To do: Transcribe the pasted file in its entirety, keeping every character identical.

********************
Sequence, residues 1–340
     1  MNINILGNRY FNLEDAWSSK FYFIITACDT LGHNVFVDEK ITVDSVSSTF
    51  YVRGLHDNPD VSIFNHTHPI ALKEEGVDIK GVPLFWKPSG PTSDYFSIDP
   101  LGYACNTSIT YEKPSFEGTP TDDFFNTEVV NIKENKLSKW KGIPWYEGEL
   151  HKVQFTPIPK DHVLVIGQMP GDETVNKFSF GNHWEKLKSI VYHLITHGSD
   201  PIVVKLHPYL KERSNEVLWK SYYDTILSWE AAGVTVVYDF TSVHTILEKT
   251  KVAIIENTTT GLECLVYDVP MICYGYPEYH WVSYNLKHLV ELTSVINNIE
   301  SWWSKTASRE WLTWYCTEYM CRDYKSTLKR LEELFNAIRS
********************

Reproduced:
Sequence, residues 1–340
     1  MNINILGNRY FNLEDAWSSK FYFIITACDT LGHNVFVDEK ITVDSVSSTF
    51  YVRGLHDNPD VSIFNHTHPI ALKEEGVDIK GVPLFWKPSG PTSDYFSIDP
   101  LGYACNTSIT YEKPSFEGTP TDDFFNTEVV NIKENKLSKW KGIPWYEGEL
   151  HKVQFTPIPK DHVLVIGQMP GDETVNKFSF GNHWEKLKSI VYHLITHGSD
   201  PIVVKLHPYL KERSNEVLWK SYYDTILSWE AAGVTVVYDF TSVHTILEKT
   251  KVAIIENTTT GLECLVYDVP MICYGYPEYH WVSYNLKHLV ELTSVINNIE
   301  SWWSKTASRE WLTWYCTEYM CRDYKSTLKR LEELFNAIRS